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What's in a Name?
What's in a Name?
What's in a Name?


Speakers: Janet Swan Hill 
What Our Title Means to Our Stakeholders


Speaker biography
Presentation abstract

Biography: Janet Swan Hill received her undergraduate degree in geology from Vassar College (1967), and her Masters in Library Science from the University of Denver (1970). She began her professional career as an intern at the Library of Congress, whereupon she became a map cataloger, and eventually Head of LC's Map Cataloging Unit. In 1978 she went to Northwestern University as Head of the Cataloging Department, and in 1989 she moved to the University of Colorado as Head of Technical Services.

Her primary scholarly focus has been on bibliographic control, technical services management, and education and recruitment for technical services. She has been active in service to the field, serving as the ALA representative to the Joint Steering Committee for the Revision of the Anglo American Cataloging Rules (AACR), and as president of the Association for Library Collections and Technical Services. She is currently in her third term as an ALA Councilor.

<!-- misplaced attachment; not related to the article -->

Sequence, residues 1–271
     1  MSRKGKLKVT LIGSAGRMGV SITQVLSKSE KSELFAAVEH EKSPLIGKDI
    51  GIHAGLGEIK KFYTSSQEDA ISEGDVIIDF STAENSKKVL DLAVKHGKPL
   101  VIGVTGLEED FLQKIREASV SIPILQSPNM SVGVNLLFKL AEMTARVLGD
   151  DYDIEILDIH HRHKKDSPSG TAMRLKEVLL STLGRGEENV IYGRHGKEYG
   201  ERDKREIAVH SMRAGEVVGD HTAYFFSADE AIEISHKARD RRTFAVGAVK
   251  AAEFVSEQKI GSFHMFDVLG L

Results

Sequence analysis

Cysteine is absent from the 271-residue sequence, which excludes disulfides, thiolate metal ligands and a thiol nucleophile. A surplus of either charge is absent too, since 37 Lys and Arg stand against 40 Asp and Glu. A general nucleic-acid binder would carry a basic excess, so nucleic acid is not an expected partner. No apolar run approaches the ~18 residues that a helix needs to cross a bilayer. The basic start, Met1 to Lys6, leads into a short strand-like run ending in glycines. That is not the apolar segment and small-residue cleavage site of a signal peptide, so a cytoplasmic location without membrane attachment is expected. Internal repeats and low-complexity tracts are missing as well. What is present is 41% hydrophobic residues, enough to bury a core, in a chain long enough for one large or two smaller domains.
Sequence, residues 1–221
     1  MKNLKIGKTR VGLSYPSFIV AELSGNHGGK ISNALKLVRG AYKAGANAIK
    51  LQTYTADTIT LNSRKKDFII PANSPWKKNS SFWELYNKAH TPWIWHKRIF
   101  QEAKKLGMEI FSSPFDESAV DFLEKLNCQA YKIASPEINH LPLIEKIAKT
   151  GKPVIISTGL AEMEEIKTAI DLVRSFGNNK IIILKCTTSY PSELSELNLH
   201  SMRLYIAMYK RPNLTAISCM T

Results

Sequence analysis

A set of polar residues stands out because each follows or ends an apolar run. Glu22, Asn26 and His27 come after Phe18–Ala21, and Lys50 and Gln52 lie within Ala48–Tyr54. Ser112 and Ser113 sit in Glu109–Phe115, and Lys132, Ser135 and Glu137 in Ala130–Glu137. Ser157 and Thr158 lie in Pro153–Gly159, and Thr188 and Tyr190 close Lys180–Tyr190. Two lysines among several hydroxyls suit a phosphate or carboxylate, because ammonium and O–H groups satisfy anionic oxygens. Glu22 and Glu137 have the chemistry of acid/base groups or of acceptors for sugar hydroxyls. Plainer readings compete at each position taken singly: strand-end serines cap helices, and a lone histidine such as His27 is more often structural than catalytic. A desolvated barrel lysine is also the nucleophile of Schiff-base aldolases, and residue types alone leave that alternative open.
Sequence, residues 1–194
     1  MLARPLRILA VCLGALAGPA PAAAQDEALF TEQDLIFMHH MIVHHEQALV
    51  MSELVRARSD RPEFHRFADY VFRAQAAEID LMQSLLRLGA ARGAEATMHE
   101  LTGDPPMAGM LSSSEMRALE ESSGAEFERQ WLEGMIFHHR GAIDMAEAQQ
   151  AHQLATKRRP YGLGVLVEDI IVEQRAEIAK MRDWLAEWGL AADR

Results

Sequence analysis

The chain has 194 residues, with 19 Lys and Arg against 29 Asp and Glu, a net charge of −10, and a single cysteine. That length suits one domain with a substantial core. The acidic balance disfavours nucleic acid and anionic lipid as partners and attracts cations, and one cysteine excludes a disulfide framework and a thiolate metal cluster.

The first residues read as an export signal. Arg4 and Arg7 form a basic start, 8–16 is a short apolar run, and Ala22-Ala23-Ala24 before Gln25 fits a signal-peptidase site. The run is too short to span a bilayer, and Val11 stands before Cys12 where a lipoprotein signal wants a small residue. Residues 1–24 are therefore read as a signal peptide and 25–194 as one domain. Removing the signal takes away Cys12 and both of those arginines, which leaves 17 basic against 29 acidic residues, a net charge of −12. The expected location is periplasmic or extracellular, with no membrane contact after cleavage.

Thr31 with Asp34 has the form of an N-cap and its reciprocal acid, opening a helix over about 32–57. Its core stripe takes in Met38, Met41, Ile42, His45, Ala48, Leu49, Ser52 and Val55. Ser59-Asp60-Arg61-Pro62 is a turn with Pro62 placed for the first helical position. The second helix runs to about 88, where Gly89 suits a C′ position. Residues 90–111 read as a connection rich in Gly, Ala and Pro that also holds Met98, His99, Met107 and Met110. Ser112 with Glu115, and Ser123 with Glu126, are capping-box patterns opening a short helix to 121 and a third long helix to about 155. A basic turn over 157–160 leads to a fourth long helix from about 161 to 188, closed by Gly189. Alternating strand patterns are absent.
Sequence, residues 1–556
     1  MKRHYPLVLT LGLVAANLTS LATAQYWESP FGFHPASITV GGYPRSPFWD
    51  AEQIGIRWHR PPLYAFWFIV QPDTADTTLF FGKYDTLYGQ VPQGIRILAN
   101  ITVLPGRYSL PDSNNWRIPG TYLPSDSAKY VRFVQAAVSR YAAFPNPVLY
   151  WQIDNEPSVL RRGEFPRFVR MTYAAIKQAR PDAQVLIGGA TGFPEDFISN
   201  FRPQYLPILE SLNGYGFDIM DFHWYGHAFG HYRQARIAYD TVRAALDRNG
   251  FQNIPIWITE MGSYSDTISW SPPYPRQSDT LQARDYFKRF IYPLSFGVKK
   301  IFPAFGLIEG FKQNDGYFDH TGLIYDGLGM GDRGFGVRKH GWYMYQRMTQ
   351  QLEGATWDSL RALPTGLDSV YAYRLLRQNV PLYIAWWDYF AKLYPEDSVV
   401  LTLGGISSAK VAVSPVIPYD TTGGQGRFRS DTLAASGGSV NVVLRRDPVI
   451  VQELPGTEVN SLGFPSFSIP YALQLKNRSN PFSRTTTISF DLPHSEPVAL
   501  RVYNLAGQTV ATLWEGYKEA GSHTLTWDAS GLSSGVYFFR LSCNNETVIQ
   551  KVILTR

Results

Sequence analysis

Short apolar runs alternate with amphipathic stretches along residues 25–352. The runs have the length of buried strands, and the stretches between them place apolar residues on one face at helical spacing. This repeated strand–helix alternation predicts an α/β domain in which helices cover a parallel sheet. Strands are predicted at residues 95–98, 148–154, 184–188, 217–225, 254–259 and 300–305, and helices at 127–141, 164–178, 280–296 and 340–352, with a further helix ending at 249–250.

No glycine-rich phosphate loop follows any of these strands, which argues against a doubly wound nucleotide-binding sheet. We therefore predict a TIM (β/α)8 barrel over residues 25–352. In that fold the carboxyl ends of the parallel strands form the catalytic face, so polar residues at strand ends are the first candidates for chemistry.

As one of few tenured librarians at CU when she first arrived, she served a number of years as Chair of the CU Libraries Tenure Committee, revising the statement of criteria and standards, preparing a variety of documents to guide librarians seeking tenure, and also preparing for the campus tenure committee a guide to librarians as faculty. This document formed the basis of her 1994 article in the Journal of Academic Librarianship: "Wearing Our Own Clothes: Librarians as Faculty". She has also served on the campus tenure committee, which provides advice for the Vice Chancellor for Academic Affairs regarding tenure and promotion recommendations for faculty in all schools and colleges. She is a judge for the United States Figure Skating Association, holding appointments in singles, pairs, figures, and ice dancing. She is captain and manager of a Masters Synchronized Figure Skating team, and has competed at seven U.S. National Synchronized Skating Championships.

Abstract: There is a conflict between librarianship’s fundamentally egalitarian ethic and the necessarily status-conscious requirements of maintaining and supporting a profession. Failure to acknowledge what librarians bring to their work, and thus the validity of their status can result in managerial and personal decisions that undermine the profession, its practitioners, and its clientele. Academic librarians add another layer of complexity to status issues as they attempt to fit into a system of status originally designed for a different profession. The value of the faculty status and tenure system to librarians both as individuals and as contributors to the academic enterprise makes the struggle worthwhile. Academic librarians can successfully fit into and navigate the system, but it requires an understanding of the needs and characteristics of both librarianship and of the remainder of academe.